By David Lewis
Within the socialist model is a segment of the populace conditioned to rely on government-provided entitlements. These individuals form a political base that politicians pander to and that votes to maintain its own dependency. And the more reliant people become on government, the more distressed they become when asked to do with less of it. We’ve seen this among Europeans who, in recent years, have confronted the economic brick wall that is the dead-end of socialism … “Eventually you run out of other people’s money,” as Margaret Thatcher once famously put it.
Politicians have also been conditioned, so as to believe that once an entitlement is in place, it invariably becomes entrenched, institutionalized and virtually impossible to dislodge. While among Republicans this is disconcerting, for Democrats it is a strategic imperative. For without the voter base that entitlements generate, Democrats would be without a most significant source of their power.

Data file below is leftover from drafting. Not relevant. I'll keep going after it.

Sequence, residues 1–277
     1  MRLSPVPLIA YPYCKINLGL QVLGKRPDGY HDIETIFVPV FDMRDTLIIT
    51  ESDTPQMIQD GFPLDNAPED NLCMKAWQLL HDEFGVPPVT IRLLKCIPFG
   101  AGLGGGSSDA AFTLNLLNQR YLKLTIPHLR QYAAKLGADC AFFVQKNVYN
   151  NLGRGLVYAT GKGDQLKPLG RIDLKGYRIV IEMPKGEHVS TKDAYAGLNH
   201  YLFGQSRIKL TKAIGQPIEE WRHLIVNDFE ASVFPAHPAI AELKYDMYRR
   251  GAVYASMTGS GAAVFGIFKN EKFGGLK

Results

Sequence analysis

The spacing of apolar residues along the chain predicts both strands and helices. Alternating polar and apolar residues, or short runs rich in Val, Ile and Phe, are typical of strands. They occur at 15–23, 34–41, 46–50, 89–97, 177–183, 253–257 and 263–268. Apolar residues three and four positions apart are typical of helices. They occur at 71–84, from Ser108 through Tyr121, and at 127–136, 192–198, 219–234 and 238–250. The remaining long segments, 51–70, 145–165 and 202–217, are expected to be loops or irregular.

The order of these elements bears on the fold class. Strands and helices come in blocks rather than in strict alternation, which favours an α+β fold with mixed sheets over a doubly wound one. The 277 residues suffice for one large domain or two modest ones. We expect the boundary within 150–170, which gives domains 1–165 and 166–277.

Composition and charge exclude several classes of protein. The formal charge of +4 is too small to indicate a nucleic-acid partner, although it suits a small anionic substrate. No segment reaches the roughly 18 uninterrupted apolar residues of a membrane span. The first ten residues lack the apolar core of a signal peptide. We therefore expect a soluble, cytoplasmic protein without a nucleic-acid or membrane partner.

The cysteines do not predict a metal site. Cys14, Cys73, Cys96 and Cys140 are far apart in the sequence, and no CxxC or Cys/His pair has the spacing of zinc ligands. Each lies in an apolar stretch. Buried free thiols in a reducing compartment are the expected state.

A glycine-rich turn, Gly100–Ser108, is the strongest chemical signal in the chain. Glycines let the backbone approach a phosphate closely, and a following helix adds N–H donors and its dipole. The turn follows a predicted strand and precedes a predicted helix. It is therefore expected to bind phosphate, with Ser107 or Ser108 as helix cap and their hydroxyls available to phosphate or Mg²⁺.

Their strategy for entrenching an entitlement program is to target its benefits so that they are immediate and direct, while keeping the detrimental impact dispersed and indirect. In other words, avoid making it too noticeably painful to those who don’t feel its immediate benefit. Social Security, Medicare and Medicaid are examples; programs that directly subsidize targeted segments of the populace, while their immediate cost is dispersed among taxpayers and their dire impact remains conceptual and eventual — i.e. unfunded liabilities in the tens of trillions of dollars, which will become so vast they cannot be paid and, left unchecked, will bankrupt our nation.
As unsettling as the consequences may be, so long as they remain distant concepts and not palpable realities, a government program can be allowed to expand and thus become entrenched without political repercussion. Democrats are once again counting on this, hoping ObamaCare will eventually become as indelible as other government programs that preceded it. But there is more to the story, as I’ve described here.